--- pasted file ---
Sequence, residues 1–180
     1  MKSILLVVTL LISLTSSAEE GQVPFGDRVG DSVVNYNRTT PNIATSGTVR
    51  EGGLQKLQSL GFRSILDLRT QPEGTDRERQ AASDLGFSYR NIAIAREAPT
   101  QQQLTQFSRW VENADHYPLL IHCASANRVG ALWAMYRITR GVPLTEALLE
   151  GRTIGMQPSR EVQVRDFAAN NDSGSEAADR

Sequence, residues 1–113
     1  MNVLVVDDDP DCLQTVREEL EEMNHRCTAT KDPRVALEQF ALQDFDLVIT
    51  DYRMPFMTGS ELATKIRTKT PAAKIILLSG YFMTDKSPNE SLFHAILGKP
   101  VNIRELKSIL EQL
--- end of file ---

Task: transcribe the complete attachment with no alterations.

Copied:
Sequence, residues 1–180
     1  MKSILLVVTL LISLTSSAEE GQVPFGDRVG DSVVNYNRTT PNIATSGTVR
    51  EGGLQKLQSL GFRSILDLRT QPEGTDRERQ AASDLGFSYR NIAIAREAPT
   101  QQQLTQFSRW VENADHYPLL IHCASANRVG ALWAMYRITR GVPLTEALLE
   151  GRTIGMQPSR EVQVRDFAAN NDSGSEAADR

Sequence, residues 1–113
     1  MNVLVVDDDP DCLQTVREEL EEMNHRCTAT KDPRVALEQF ALQDFDLVIT
    51  DYRMPFMTGS ELATKIRTKT PAAKIILLSG YFMTDKSPNE SLFHAILGKP
   101  VNIRELKSIL EQL